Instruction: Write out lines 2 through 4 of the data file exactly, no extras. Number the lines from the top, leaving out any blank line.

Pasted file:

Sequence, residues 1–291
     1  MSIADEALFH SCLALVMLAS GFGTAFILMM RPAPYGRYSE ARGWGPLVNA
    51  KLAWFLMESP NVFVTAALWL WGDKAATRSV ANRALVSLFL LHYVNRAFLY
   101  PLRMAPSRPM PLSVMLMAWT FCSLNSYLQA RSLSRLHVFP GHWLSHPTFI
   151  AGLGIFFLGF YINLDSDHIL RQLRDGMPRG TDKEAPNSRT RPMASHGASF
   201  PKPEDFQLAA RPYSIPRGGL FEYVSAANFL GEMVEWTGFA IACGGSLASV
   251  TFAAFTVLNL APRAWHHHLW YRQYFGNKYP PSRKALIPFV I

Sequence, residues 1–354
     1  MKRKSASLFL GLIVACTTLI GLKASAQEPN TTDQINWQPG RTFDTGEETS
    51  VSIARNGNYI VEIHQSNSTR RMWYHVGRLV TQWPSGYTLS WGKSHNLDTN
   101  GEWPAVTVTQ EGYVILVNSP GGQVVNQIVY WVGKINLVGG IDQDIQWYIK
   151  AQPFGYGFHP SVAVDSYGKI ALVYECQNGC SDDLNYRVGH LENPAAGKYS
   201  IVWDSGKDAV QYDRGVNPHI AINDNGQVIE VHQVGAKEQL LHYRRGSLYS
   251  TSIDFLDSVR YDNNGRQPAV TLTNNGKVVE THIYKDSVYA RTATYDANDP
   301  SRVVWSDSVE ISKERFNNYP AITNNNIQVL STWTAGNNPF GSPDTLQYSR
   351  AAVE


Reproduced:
     1  MSIADEALFH SCLALVMLAS GFGTAFILMM RPAPYGRYSE ARGWGPLVNA
    51  KLAWFLMESP NVFVTAALWL WGDKAATRSV ANRALVSLFL LHYVNRAFLY
   101  PLRMAPSRPM PLSVMLMAWT FCSLNSYLQA RSLSRLHVFP GHWLSHPTFI